He has been married to Roberta Michele Ritz since 1968. They have two children, twins Alison and Jessica, born 1974.

AwardsEdit

  • Ritz has also been nominated for four additional Grammys: “Ray Charles 50th Anniversary Collection,” Liner Notes (1997); “Ray Charles 50th Anniversary Collection,” Producer (1997); “Ray Charles—Pure Genius,” Liner Notes (2005); “Aretha Franklin—The Golden Reign,” Liner Notes (2008).[10]
  • 2006 ASCAP Deems Taylor Award for liner notes of Johnny “Guitar” Watson: The Funk Anthology, released by Shout! Factory[13]
  • 2011 ASCAP Deems Taylor Award for liner notes of Nat King Cole & Friends: Riffin, released by Verve/Hip-O Select.com/Universal Music Enterprises[14]
  • 2013 Living Blues Reader's Poll, Best Book for When I Left Home: My StoryBuddy Guy and David Ritz – Da Capo Press[15]
  • 2013 Association for Recorded Sound Award for Best Historical Research in Blues/Gospel/Hip-hop/R&B for When I Left Home: My StoryBuddy Guy and David Ritz – Da Capo[16]
  • 2013 ASCAP Timothy White Award for Outstanding Musical Biography for When I Left Home: My Story- Buddy Guy and David Ritz[17]

ReferencesEdit

  1. ^ Hamlin, Jesse (18 September 2006). "Billie Holiday's bio, 'Lady Sings the Blues,' may be full of lies, but it gets at jazz great's core". SF Gate. Retrieved 3 October 2013. 
  2. ^ Ray Charles; David Ritz (September 2003). Brother Ray: Ray Charles' Own Story. Da Capo Press. ISBN 978-0-306-81335-1. 
  3. ^ Divided Soul: The Life of Marvin Gaye. Google Books. Retrieved 3 October 2013. 
  4. ^ Trouble & Triumph: A Novel of Power & Beauty. Google Books. Retrieved 3 October 2013. 
  5. ^ "Sexual Healing by Marvin Gaye". SongFacts. Retrieved 24 September 2013. 
  6. ^ De Witte, Patrick (March 14, 1994). "Marvin Gaye: van ellende naar Oostende". HUMO (in Dutch). Retrieved May 5, 2016.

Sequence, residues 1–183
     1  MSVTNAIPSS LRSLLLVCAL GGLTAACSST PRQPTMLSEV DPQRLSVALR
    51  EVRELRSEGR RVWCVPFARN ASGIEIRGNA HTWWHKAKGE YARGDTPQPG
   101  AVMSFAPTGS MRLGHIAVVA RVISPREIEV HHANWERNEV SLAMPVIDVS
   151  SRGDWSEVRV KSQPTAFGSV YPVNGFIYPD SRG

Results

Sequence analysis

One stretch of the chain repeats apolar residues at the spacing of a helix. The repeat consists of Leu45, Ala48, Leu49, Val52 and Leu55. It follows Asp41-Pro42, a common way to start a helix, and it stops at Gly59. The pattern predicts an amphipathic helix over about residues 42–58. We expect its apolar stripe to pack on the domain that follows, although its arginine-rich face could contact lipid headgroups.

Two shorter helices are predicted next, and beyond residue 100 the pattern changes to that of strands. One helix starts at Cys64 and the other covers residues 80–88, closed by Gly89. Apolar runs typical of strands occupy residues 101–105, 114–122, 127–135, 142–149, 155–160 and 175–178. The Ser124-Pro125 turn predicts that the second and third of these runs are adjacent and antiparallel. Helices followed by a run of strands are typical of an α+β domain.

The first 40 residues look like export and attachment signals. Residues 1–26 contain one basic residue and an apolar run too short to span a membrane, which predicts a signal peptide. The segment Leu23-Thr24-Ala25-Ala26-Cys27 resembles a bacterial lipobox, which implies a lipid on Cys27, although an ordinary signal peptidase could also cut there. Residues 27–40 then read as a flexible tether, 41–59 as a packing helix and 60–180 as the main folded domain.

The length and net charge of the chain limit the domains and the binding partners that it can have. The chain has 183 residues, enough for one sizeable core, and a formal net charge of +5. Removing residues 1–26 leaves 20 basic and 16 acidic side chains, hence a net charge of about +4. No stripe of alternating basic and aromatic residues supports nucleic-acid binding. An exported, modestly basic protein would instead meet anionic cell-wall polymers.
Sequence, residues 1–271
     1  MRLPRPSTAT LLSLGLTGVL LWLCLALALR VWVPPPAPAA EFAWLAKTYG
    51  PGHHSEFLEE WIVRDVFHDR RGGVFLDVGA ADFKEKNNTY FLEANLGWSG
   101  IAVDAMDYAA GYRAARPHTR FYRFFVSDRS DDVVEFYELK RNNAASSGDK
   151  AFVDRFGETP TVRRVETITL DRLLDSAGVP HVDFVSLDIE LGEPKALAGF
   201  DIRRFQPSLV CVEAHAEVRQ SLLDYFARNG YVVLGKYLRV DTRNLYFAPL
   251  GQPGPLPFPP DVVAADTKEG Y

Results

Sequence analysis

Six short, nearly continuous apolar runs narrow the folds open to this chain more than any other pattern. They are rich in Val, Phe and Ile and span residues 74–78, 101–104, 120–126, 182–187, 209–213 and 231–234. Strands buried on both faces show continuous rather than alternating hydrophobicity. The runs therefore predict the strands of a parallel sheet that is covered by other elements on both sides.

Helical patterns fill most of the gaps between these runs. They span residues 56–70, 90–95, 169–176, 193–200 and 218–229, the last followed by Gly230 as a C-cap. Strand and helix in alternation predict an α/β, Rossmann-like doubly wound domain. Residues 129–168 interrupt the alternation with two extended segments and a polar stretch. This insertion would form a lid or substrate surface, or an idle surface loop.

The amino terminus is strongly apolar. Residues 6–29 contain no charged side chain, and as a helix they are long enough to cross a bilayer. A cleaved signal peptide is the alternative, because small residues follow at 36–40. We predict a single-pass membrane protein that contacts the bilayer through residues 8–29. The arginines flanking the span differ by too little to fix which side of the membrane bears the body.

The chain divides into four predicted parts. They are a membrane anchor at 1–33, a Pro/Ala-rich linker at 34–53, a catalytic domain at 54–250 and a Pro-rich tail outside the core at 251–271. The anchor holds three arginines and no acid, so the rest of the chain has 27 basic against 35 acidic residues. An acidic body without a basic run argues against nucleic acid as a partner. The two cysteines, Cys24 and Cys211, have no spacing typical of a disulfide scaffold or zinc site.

7. ^ Gaye, Frankie (2003). Marvin Gaye, My Brother. Backbeat Books. p. 145. ISBN 0-87930-742-0. 
  8. ^ Studio 360: The Story of the World’s Sexiest Song
  9. ^ Flannery, Thomas. "Past Winners". The Recording Academy. Retrieved 30 September 2013. 
  10. ^ "Artist: David Ritz". The Recording Academy. Retrieved 20 June 2018. 
  11. ^ Flannery, Thomas. "B.B. King". World Music Central. Retrieved 30 September 2013. 
  12. ^ Flannery, Thomas. "Bios on Bing Crosby, Bill Monroe and Neville Brothers Win 12th Annual Ralph J. Gleason Music Book Award". BMI. Retrieved 30 September 2013. 
  13. ^ Flannery, Thomas. "39TH ANNUAL ASCAP DEEMS TAYLOR AWARDS ANNOUNCED". ASCAP. Retrieved 30 September 2013. 
  14. ^ Flannery, Thomas. "43rd Annual ASCAP Deems Taylor Awards Announced". ASCAP. Retrieved 30 September 2013. 
  15. ^ Flannery, Thomas. "Living Blues Awards". Living Blues. Archived from the original on 16 January 2014. Retrieved 30 September 2013. 
  16. ^ Flannery, Thomas. "2013 Finalists (ARSC Awards for Excellence)". ARSC. Retrieved 30 September 2013. 
  17. ^ Flannery, Thomas. "45th ASCAP Foundation Deems Taylor Awards Announced". ASCAP. Retrieved 3 October 2013. 

External linksEdit